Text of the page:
As noted, Australia will recalibrate its foreign and diplomatic policies to focus on “critical technologies.” Of course, just what Australia considers “critical technology” will inform its actions, and so, Canberra offered this explanation:

  • The Australian Government defines critical technologies as those technologies with the capacity to significantly enhance, or pose risks to, Australia’s national interests, including our prosperity, social cohesion and national security.
  • This includes, but is not limited to, technologies (or applications of technologies) such as cyberspace, Artificial Intelligence (AI), 5G, Internet of Things (IOT), quantum computing and synthetic biology.
  • These, and other emerging technologies, will transform economic competitiveness, national and international security as well as democratic governance and social cohesion. These new technologies are often enabled by, and reliant on, information that is created, stored and transmitted through digital networks.

To no one’s surprise, 5G, AI, IOT, and other burgeoning technologies made the list. Of course, it is probably not coincidental Australia is naming technologies the PRC is hoping to lead the world in developing and setting the standards for each.

As noted, the previous strategy was structured around seven key themes. The government offered the three main pillars of the new strategy:

  • Values – We will always pursue a values-based approach to cyberspace
    and critical technology, and oppose efforts to use technologies to undermine these values.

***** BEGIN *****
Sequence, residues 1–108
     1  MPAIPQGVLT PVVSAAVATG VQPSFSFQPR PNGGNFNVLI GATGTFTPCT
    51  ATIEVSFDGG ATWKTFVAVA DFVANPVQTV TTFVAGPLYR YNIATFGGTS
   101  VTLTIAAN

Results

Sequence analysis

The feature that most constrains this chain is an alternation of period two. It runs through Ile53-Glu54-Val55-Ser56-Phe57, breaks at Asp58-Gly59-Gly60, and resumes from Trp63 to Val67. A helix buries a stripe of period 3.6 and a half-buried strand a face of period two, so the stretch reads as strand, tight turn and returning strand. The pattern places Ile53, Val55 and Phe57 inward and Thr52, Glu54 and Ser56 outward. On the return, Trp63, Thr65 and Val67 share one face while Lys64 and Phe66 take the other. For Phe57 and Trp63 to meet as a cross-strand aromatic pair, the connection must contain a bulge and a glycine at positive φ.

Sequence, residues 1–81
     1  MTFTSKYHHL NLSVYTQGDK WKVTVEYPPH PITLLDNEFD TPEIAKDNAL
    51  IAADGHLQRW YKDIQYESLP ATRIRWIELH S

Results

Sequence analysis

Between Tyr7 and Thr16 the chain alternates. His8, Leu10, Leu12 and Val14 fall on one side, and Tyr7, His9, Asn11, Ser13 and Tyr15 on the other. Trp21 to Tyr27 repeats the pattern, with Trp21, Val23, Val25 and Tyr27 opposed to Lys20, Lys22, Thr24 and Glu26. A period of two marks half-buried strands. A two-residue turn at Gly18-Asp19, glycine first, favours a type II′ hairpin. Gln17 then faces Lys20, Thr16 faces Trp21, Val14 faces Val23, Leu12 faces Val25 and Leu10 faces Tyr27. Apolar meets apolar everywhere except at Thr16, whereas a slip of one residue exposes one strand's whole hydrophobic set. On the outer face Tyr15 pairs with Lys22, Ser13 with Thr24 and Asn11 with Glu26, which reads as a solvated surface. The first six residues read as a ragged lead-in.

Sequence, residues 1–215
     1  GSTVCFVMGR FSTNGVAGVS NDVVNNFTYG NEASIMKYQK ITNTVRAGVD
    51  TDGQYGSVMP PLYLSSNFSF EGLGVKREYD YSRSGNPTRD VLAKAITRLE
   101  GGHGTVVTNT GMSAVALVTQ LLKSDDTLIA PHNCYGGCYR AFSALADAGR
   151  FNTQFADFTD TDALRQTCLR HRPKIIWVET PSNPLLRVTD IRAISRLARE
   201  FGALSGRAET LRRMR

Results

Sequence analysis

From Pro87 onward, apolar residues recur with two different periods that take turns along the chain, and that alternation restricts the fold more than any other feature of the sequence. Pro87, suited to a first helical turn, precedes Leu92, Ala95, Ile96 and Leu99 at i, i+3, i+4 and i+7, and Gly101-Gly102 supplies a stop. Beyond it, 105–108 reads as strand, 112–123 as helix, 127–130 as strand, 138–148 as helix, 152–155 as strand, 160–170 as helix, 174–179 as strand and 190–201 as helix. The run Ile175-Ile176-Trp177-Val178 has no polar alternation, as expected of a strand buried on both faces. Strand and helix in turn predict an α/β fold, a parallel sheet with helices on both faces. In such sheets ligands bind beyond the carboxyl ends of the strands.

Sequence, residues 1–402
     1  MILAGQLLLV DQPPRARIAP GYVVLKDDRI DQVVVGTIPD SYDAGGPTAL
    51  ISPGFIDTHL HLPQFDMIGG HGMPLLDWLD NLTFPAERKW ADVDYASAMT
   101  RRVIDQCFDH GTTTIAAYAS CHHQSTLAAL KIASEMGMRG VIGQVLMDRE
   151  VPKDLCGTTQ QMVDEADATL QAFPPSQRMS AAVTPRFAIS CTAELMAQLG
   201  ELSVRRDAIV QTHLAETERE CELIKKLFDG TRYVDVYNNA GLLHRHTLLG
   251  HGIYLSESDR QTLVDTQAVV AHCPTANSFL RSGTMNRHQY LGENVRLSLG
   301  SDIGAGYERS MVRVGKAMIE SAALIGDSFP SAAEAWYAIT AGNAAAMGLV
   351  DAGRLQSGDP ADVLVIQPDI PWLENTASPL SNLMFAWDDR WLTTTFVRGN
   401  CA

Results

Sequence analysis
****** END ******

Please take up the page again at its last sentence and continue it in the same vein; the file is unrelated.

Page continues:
• Security – We will always support international peace and stability, and secure, trusted and resilient technology.
  • Prosperity – We will always advocate for cyberspace and technology to foster sustainable economic growth and development to enhance prosperity.

These same values are depicted in this infographic:


Technology is used to uphold and protect liberal democratic values:

  • Democratic Principles – advocate for cyberspace and critical technologies to uphold and protect democratic principles and processes
  • Ethics Of Critical Technology – support the ethical design, development and use of critical technologies consistent with international law including human rights
  • Human Rights – promote and protect human rights online and in the design, development and use of critical technologies
  • Diversity & Gender Equality – advocate for diversity, gender equality and women’s empowerment in the design, development and use of cyberspace and critical technology